Kana Brown
Kana Brown doesn’t believe in the word “can’t." Even though as a young girl she rarely saw women of color in professional roles, she never doubted her ability to create the life she wanted — here in Evansville. She has forged her own path, playing by her own rules. She is effervescent and lighthearted, yet grounded in a way that most of us only hope to be. She is a champion for women, an opponent to glorified busy-ness, and a friend to everyone she meets.

Meet Kana

I’m originally from Evansville, Indiana — born and raised. I went to Harrison High School and graduated in 2007. From having bad skin all of my life, I became very interested in how to fix that, and also I wanted to work on a cruise ship so I was looking for ways to do that. I knew I didn’t want to do hair, and so I found esthetics. We only had one school that specialized in that here and that’s the Salon Professional Academy, and so I went to school for 8 months to become an esthetician. I ended up doing a lot of makeup while I was in school, and kept doing that when I got out. I worked at Ahh Spa for a bit, I worked at a salon for a bit, and then I went out on my own. Through doing makeup and meeting photographers and all these creative people, that kind of sparked my wanting to create Love IT EVV and so I got to do the best of both worlds.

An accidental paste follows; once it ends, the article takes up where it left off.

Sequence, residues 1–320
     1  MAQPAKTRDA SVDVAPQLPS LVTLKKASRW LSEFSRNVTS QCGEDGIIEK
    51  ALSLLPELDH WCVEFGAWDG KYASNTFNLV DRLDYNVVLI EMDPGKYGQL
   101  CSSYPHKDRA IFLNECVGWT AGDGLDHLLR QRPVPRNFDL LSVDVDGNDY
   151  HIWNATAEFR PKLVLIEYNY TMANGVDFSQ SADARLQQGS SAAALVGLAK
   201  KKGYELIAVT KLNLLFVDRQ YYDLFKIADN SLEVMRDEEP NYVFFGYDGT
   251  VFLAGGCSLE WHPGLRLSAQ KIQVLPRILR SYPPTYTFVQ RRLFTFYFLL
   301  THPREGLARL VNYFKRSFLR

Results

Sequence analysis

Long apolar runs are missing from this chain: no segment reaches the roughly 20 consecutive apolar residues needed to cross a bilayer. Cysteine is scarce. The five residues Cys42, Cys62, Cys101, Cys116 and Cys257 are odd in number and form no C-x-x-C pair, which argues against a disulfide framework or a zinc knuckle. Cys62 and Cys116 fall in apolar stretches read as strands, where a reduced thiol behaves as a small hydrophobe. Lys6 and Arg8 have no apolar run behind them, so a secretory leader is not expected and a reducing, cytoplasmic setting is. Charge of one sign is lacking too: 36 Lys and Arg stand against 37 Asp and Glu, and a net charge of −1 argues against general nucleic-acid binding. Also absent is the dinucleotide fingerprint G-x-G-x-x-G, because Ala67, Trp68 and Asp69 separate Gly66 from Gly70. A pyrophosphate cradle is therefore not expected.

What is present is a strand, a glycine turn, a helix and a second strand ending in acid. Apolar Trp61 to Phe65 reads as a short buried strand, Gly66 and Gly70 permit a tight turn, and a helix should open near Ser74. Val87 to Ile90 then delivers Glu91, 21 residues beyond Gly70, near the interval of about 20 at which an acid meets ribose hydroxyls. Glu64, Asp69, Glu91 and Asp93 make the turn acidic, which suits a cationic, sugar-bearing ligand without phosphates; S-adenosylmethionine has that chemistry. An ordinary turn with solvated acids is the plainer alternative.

The purpose of the launch parties is to get people to connect. I want it to be a place where people can come out and meet the writers, meet me, meet anyone who contributes to it. And, see that if they have an interest in doing any of those things, that they can do it too. And just figuring out there are a ton of people in my community that I don’t know that I can connect with. The Love IT parties are also our way of creating less of a footprint and only giving magazines at the party so that we’re not creating a ton more waste within the magazine industry. I wanted to give the experience of a higher-end event but making it attainable for more people. We have very harsh economic lines here in Evansville, and I really wanted to see a mingling of “classes” within these parties. So, the people who love fancy things and are used to that can come, and then the people who are not so used to fancy things can come and meet different walks of life at the parties.